Search goes on for nurse’s killer

Murder inquiry continues in Kerran Baker case

Eight years after she disappeared, the family of Kerran Baker still hold on to hope that she will one day walk back through the front door.

The popular nurse, 25, known to friends as ‘Kerry Berry’ went missing on a rainy July night in 2011. Traces of her blood were found in her apartment in the Beach Bay area and her car was discovered dumped close to Pedro St. James castle.

CCTV footage from the night of 30 July showed a man, his features indistinguishable in the gloomy half-light, walking along the road in the rain, close to where the car was discarded.

RELATED: Timeline of events in Kerran Baker’s disappearance

Volunteers searched the area around Pedro but no body was found. There were early reports of a possible domestic incident. Months later, an arrest was made, but no charges were brought and the trail went cold.

Now, detectives from the Serious Crime Review Team are revisiting the inquiry. They are making a new appeal, on the anniversary of her disappearance, for anyone with information about the case to come forward. Crime Stoppers has offered a $10,000 reward and police believe they are close to a breakthrough.

Detective John Southern, who is leading the investigation, said he is not able to tell the grieving parents of Baker that she may be alive.

“This is a murder investigation,” he said, “we believe, unfortunately, that she is dead.”

He believes the best police and the Cayman community can achieve for Baker’s parents, mother Sandra and stepfather Wilmot, is a sense of closure.

“Having met both parents, I know how much they loved their daughter and how much they still miss her every day. They are devastated, they are still grieving,” said Southern.

Detective John Southern is now leading the investigation into the 25-year-old nurse’s disappearance.

“Her mother still believes she is going to walk through the front door. Without some kind of closure, she will never be able to get past that and accept she is not coming home.”

Baker, originally from Jamaica, had moved to Cayman to take a job as a nurse in the office of Dr. Ruthlyn Pomares nearly three years before her disappearance. Her stepfather has worked as a tour bus driver on the island since 1999. Baker had developed a large social group of friends who liked to party together.

It was close friend Inia Ricketts who first raised the alarm on the Sunday after she disappeared. Though it had been less than 24 hours since she was last in touch, Kerran usually was in constant communication by text and phone and her friends were already concerned. When Ricketts visited her home and found her car missing and Baker not home she became concerned. After an initial search of the property, Baker’s phone, handbag and half unpacked groceries were found.

An investigation commenced and it emerged that Baker had stopped responding to texts or using her phone at 7.54pm the previous evening.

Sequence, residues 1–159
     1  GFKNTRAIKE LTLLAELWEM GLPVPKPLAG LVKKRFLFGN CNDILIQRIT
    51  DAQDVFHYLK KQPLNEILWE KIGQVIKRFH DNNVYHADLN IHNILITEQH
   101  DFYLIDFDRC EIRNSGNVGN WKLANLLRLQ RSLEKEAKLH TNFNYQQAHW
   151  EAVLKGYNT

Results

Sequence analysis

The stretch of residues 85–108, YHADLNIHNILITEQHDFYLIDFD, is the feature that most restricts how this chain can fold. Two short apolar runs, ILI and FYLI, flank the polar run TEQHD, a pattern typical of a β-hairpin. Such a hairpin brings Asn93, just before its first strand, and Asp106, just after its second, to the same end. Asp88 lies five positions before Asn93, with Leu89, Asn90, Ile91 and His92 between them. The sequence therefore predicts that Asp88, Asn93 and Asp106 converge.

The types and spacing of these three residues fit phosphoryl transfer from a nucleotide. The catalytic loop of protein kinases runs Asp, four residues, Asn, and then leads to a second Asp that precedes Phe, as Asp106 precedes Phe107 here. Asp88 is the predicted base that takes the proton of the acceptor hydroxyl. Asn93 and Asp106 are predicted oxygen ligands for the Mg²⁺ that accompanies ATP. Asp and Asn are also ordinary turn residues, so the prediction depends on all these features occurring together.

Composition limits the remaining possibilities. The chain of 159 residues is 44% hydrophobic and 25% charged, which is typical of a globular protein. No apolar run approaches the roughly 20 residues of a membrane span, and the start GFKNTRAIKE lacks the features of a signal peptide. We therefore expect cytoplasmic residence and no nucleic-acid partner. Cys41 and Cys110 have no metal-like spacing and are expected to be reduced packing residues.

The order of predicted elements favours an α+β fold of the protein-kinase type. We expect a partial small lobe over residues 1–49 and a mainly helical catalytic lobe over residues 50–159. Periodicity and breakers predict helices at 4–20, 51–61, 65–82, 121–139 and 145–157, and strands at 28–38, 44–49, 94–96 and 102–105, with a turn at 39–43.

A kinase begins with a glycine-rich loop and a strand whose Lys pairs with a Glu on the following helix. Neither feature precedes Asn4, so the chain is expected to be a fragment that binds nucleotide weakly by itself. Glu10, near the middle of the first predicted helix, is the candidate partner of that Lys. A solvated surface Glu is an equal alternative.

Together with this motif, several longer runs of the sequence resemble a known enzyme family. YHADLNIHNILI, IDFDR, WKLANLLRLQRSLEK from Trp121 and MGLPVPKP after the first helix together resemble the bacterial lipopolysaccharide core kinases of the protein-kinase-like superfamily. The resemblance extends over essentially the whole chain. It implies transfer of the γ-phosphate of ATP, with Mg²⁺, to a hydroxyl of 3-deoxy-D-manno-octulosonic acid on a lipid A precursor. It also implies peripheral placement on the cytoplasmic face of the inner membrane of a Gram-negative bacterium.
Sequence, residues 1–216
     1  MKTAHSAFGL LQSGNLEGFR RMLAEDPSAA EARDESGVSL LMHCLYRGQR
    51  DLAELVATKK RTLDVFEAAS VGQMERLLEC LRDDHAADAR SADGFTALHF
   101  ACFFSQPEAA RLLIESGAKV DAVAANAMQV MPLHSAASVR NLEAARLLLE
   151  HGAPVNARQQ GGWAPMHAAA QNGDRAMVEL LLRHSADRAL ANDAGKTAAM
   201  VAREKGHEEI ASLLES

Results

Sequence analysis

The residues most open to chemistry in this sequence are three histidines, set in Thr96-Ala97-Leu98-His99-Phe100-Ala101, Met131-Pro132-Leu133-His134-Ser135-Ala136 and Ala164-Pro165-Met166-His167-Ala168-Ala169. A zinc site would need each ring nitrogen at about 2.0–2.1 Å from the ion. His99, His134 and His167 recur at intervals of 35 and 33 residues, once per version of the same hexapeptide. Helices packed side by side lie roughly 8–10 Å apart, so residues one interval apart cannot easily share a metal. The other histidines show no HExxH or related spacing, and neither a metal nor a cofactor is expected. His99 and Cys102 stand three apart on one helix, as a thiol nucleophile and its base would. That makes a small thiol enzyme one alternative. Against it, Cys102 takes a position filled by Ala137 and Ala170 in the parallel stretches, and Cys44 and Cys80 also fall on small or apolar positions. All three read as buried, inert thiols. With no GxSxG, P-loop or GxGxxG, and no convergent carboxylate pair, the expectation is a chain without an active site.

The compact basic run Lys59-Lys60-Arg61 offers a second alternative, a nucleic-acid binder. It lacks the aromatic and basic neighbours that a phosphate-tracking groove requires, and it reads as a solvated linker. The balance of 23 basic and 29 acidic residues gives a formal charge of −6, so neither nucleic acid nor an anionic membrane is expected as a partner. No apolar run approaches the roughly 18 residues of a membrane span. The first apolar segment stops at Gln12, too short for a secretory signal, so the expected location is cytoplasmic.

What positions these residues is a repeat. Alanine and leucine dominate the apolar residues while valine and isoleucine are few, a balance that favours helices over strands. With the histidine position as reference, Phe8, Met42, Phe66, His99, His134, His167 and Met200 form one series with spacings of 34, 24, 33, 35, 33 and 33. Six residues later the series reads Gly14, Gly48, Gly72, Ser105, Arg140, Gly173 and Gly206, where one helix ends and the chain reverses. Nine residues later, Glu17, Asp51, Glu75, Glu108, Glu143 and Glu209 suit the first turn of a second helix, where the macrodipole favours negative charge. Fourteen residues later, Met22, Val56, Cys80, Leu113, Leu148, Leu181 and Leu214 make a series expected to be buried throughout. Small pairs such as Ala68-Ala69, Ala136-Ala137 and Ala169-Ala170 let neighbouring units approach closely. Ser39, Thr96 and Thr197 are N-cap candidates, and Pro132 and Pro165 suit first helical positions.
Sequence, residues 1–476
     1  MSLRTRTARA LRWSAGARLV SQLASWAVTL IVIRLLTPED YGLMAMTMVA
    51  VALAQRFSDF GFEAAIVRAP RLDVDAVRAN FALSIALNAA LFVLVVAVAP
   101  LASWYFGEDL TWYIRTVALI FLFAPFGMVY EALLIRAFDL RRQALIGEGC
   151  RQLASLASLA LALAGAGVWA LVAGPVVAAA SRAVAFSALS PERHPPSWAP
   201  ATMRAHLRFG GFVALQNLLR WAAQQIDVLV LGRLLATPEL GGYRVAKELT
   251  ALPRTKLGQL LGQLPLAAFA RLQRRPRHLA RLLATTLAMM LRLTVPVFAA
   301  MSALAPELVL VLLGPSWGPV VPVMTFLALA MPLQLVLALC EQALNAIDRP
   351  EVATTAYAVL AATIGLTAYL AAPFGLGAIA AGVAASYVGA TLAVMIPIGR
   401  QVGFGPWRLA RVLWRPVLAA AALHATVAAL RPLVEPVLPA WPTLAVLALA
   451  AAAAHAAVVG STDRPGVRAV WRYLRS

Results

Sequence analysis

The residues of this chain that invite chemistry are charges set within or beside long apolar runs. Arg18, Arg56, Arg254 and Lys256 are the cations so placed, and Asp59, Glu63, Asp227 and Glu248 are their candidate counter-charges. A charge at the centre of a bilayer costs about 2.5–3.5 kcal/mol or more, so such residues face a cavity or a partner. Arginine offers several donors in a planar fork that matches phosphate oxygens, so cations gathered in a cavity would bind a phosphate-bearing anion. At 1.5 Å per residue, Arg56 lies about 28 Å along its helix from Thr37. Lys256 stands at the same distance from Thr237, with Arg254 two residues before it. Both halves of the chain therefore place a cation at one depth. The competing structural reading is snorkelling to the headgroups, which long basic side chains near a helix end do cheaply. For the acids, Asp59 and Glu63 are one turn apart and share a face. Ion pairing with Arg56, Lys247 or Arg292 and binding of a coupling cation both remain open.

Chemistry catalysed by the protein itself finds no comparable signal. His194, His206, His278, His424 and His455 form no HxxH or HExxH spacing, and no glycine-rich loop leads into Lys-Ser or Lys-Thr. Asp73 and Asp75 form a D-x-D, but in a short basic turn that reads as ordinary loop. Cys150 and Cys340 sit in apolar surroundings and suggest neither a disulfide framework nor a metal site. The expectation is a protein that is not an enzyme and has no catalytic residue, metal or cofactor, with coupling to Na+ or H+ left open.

The discovery of the car, the blood found in her bedroom and the fact that she has not been seen or heard from since have led police to conclude she was murdered some time on that Saturday night.

Southern, part of a three-man squad of senior investigators tasked with reviewing historical cases at the Royal Cayman Islands Police Service, said the incident had been identified as one that could still be solved. Though some cold cases are finally solved through a vital piece of new DNA evidence, Southern said the answers can sometimes be more simple.

“Loyalties change, friendships change, perhaps someone was afraid of a person and they are not afraid any longer,” he said.

He believes there are people in the Cayman Islands who know how Kerran Baker died. At least one witness came forward in the initial inquiry but ultimately declined to assist.

Southern says there will be no consequences for anyone who has held on to the secret for the past eight years.

“We will not judge them,” he said. “We understand circumstances change and some people may, with the benefit of time, see the importance of this and come forward.

“There are clearly people in Grand Cayman who have information about what happened and we want those people to contact us. We believe we can still solve this case and get closure for Kerran and her family.”

Police surround Miss Baker’s white Honda Civic, discovered pulled up close to the bushes on the cemetery lawn near Pedro St. James castle.

Anyone with information is asked to contact Detective Constable John Southern at 649‑4501 or by email [email protected] Cayman Crime Stoppers is offering a reward of up to $10,000 for information that may lead to an arrest and charge in this matter. Tips may be submitted through Cayman Crime Stoppers by calling 800‑8477 or through the Submit a Tip function on the Cayman Crime Stoppers website.

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  1. As a parent, the word “closure” is certainly not appropriate. There is no closure when a child is murdered, and the body never found. This case should receive all the attention of a fresh case, and utilize other assets if Cayman RCIPS can’t uncover any new leads. Put yourself in Ms.Baker’s parent’s place.